Lung Cancer Survival Rates Increase with Early Detection and Treatment
Lung cancer is the leading cause of cancer death in both men and women in the US.
The good news is that the survival rate greatly increases when it’s detected and treated early. The only recommended screening for people at high-risk for lung cancer is low-dose computed tomography (CT).
Research shows that screening using a low-dose CT scan can help detect early lung cancer before clinical signs or symptoms become evident.
Jon Wee, MD, Thoracic Surgeon, Brigham and Women’s Surgical Associates, recently hosted a seminar at South Shore Hospital about early detection and options for surgical techniques to treat lung cancer. We sat down with him after his seminar to get some answers to common questions about the disease.
Q: Why should someone get screened and who are the best candidates?
I think it’s important for patients who have a smoking history to get screened, because it makes a difference in overall prognosis. Insurance typically covers the cost for those that are considered high risk. You are generally con
sidered high risk if:
- You are a current smoker or quit within the past 15 years
- You smoked a least one pack of cigarettes a day for 30+ years
- You are between the age of 55-77
Even if you are not considered high risk, it’s worth talking to your primary care doctor about the benefits of screening.
Q: Why do you think people aren’t more proactive about getting screened, especially when the outcome can be so much better with early diagnosis?
People are scared about what they have to do if something is found. The important thing to note is that the vast majority of patients who have something found on a CT scan just need more CT scans to get a closer look. If there is something on your scans and it is caught early, it gives you a better chance of curing it as opposed to finding something too late.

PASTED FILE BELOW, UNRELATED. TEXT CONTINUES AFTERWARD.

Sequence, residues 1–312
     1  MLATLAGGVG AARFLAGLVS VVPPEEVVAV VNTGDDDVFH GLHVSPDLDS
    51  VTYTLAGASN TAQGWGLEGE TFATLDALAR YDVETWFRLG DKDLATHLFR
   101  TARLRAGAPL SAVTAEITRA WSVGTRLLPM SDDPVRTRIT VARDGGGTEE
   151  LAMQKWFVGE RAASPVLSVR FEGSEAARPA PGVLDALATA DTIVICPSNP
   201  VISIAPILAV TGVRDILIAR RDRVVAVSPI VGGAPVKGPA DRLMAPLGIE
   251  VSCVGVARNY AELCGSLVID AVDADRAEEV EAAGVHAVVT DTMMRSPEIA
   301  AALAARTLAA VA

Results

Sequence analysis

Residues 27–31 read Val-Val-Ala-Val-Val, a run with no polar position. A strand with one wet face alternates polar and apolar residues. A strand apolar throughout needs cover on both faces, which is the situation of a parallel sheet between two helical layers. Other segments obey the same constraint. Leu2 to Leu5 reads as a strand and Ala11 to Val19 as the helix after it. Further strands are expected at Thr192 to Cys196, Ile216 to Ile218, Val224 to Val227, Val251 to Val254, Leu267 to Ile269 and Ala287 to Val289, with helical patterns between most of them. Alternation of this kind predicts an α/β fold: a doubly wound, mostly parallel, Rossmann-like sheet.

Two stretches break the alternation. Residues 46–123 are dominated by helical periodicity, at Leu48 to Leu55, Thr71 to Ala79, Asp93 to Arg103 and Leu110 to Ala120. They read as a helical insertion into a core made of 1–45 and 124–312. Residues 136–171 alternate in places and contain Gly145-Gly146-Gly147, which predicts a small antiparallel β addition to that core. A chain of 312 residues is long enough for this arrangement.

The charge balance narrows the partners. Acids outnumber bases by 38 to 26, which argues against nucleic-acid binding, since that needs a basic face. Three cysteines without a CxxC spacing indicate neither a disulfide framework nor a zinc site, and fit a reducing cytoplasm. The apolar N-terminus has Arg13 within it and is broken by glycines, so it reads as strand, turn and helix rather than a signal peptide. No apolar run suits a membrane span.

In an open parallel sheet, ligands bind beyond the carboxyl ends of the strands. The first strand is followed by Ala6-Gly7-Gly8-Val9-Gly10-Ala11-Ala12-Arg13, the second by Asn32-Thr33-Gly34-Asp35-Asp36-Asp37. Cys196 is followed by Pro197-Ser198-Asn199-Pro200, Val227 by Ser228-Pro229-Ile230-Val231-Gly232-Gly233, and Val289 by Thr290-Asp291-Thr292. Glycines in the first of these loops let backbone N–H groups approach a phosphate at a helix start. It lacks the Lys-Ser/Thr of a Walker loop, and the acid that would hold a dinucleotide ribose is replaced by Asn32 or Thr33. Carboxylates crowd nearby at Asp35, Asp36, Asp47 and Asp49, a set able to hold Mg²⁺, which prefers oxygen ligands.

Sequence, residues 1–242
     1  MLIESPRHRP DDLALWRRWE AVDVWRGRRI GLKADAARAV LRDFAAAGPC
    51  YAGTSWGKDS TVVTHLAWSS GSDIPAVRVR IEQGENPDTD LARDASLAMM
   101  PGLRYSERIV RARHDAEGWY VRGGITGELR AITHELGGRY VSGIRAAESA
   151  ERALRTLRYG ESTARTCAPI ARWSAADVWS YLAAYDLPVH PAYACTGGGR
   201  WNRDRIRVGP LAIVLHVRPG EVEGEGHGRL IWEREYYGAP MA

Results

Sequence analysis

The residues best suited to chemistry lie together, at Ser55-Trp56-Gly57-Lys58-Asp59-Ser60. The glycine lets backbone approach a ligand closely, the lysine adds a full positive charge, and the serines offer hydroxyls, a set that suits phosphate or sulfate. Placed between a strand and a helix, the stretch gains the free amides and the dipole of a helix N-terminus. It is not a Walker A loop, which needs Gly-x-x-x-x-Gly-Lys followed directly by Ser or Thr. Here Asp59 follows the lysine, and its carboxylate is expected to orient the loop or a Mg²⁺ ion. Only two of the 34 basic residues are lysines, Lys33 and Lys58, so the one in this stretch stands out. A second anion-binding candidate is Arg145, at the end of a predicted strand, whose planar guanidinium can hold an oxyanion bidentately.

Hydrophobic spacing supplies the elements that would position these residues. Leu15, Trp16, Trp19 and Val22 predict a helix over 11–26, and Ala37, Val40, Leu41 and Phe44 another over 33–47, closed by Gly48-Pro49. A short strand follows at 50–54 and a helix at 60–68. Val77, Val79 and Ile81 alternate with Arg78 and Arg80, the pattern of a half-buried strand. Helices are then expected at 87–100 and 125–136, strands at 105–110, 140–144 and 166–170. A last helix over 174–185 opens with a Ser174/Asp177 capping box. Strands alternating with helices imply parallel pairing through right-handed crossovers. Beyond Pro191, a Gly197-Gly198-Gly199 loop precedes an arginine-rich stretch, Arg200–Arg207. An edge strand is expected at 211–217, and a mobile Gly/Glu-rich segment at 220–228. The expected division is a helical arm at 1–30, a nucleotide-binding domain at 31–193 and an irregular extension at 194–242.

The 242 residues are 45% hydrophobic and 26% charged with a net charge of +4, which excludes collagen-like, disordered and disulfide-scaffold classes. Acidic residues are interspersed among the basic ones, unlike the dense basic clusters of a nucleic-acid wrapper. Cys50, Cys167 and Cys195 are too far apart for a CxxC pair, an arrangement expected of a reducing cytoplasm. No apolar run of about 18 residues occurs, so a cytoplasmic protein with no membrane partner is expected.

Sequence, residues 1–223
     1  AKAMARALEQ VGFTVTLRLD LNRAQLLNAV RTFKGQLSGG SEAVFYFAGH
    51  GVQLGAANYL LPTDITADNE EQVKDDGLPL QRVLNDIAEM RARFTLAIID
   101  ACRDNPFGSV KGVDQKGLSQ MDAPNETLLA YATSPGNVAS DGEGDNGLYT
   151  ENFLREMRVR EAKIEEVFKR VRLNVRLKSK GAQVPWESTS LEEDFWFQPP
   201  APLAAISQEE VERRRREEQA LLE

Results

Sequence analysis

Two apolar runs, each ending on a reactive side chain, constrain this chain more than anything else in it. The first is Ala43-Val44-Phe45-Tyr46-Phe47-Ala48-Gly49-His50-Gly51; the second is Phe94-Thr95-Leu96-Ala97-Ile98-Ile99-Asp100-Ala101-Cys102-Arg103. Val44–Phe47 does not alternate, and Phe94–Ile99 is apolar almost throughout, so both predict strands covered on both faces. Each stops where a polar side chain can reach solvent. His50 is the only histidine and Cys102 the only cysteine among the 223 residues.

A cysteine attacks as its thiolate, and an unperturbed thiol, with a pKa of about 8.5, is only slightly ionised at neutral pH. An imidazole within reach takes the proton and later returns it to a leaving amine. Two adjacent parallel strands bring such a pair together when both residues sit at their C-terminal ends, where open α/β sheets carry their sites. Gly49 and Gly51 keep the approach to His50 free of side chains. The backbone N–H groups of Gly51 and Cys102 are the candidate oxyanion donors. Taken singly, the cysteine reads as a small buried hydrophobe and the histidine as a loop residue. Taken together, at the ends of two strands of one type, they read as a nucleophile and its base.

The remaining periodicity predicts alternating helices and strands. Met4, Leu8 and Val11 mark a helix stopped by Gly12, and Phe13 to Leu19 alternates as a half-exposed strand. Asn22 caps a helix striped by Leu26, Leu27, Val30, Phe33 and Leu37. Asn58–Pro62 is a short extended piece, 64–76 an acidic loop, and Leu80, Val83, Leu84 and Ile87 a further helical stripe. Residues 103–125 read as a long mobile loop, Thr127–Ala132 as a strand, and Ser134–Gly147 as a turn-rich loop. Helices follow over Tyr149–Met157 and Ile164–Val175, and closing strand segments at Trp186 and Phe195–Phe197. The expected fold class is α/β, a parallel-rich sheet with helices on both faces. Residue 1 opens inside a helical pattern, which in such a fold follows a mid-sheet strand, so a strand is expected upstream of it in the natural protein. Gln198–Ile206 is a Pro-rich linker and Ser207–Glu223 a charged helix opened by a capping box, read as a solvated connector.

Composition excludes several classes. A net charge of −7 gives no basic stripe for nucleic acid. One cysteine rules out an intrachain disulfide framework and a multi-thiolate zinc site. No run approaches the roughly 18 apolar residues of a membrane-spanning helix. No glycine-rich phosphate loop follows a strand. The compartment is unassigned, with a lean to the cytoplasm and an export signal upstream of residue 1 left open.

Q: Are the latest and greatest technologies and surgical techniques always the best option for patients?
Just because it’s new, doesn’t always mean it’s the best or better for a specific patient. Physicians should always look at each patient’s issue critically and determine what is best for their patient. The da Vinci® Surgical System has been around for a little while and allows for a less invasive surgery. The same goes for video-assisted thoracoscopic surgery (VATS) surgery, where a small video camera is introduced into the patient's chest via a scope. You might be able to recover quicker because the surgery isn’t as physically demanding as an open surgery. But this comes down to the physician’s strengths and experience and as always, what is best for the patient. It’s important that patients talk to their physician and build a strategy together that allows for the best care for them.
Q: What kind of care do lung cancer patients receive at South Shore Health?
South Shore has a strong program to diagnose and treat our lung cancer patients. The vast majority of lung cancer patients can get the same level of care here that is provided in Boston. We use the da Vinci® Surgical System here and many of the surgeons on staff here also do the same procedures at academic medical centers in Boston.
Are You a Candidate for a CT Lung Screen?
South Shore Hospital offers low-dose CT lung cancer screening appointments Monday-Friday from 9 a.m. to 8 p.m. If you think you qualify for a low-dose CT lung screening or would like more information on eligibility requirements, call us at (781) 624-4368 or request a call back from one of our imaging specialists.